Winchester City Mill
The mill was first recorded, milling corn, in the Domesday Book of 1086. The mill was last rebuilt in 1744 and remained in use until the early 1900s. The mill was then used as a laundry until 1928 when it was offered for sale. In order to prevent its demolition, a group of benefactors bought the mill and presented it to the National Trust. In 1932 the mill was leased to the Youth Hostels Association for use as a hostel, a usage that continued until recently.
In 2004, a 12 year restoration program came to a successful conclusion, and after a hiatus of at least 90 years the mill again milled flour by water power. The water wheel can be seen working daily throughout the year and flour milling is demonstrated every weekend of the year, and most Wednesdays during the Summer. The mill building also houses a National Trust shop.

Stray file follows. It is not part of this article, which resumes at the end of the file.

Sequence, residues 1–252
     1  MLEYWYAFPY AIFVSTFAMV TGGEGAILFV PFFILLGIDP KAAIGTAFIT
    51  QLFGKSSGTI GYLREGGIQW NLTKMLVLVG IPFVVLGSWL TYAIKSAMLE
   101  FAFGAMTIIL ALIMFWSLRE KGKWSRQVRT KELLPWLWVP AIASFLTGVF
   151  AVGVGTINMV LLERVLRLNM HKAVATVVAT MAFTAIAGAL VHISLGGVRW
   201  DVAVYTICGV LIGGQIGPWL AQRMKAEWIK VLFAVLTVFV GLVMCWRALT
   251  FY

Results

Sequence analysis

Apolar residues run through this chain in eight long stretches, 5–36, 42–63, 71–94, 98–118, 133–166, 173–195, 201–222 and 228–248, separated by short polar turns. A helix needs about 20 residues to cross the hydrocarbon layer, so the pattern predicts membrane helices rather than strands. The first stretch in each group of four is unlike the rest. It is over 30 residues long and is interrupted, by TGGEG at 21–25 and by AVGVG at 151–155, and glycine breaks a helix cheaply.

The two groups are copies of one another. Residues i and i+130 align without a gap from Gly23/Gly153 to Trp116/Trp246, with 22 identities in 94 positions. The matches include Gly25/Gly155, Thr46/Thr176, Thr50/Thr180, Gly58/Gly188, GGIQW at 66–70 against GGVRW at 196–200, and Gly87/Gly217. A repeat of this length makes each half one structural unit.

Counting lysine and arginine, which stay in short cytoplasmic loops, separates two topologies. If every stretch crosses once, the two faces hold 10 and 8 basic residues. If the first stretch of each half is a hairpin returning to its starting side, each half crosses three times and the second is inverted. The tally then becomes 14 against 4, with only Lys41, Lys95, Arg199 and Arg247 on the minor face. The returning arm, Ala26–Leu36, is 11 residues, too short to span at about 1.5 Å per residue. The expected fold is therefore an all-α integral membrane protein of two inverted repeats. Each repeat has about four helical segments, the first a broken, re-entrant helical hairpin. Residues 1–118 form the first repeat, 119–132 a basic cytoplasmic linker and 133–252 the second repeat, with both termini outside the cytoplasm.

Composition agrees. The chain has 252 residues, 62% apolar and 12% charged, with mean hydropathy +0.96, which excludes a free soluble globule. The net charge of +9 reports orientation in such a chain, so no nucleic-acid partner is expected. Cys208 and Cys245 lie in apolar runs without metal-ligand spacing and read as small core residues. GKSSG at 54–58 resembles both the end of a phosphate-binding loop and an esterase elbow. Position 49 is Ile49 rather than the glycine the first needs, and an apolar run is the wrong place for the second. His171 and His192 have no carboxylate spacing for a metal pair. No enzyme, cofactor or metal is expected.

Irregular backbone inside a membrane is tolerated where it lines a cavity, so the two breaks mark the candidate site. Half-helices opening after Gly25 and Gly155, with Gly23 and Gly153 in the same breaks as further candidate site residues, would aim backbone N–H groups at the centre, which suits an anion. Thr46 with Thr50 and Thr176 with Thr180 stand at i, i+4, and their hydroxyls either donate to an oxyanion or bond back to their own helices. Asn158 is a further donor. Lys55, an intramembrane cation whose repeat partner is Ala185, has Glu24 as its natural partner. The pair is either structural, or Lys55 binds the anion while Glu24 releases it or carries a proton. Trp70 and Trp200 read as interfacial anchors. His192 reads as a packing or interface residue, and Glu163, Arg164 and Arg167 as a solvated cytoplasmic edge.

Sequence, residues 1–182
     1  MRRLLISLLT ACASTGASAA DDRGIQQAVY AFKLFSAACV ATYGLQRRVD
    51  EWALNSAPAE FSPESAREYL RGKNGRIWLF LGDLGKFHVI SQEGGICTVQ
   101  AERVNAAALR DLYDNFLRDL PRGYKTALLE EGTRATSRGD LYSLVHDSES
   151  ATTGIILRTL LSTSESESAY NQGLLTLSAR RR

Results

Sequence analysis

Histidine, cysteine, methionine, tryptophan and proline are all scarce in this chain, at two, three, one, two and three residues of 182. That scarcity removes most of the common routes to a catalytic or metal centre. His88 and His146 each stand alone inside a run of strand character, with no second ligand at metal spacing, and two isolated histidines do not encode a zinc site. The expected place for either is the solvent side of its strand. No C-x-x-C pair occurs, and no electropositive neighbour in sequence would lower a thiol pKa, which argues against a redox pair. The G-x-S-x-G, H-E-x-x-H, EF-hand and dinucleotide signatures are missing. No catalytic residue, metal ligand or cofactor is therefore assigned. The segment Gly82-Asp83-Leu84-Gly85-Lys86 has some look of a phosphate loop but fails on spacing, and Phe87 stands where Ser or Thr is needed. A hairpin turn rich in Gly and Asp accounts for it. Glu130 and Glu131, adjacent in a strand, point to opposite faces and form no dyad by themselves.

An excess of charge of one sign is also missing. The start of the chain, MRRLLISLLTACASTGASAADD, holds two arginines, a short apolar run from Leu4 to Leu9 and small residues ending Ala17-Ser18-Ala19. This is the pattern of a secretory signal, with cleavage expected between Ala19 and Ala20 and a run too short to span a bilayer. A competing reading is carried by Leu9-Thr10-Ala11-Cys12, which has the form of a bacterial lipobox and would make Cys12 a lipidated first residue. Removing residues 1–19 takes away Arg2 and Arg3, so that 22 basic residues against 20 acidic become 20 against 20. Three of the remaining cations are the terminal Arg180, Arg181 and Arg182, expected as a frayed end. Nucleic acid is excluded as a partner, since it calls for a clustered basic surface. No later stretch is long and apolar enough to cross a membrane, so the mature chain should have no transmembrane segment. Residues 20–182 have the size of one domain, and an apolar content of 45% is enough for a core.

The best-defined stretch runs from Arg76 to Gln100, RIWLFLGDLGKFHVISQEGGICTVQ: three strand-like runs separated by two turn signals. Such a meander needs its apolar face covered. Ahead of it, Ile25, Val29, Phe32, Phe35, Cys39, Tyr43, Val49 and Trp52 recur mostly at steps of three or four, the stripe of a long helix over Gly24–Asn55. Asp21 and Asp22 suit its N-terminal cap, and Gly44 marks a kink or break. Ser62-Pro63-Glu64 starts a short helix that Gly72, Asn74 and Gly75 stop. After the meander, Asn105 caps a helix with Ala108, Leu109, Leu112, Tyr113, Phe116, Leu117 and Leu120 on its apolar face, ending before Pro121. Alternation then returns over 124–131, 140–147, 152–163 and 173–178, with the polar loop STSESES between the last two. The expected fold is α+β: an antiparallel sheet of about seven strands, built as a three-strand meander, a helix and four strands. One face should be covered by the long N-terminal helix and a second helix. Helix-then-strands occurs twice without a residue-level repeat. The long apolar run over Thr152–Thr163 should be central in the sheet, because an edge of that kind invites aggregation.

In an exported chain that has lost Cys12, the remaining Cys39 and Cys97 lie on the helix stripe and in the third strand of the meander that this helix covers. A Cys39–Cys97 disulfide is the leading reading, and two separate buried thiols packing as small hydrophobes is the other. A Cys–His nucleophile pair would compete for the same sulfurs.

- National Trust (2006). Winchester City Mill - History. Retrieved February 12, 2006.
|This article about a Hampshire building or structure is a stub. You can help Wikipedia by expanding it.|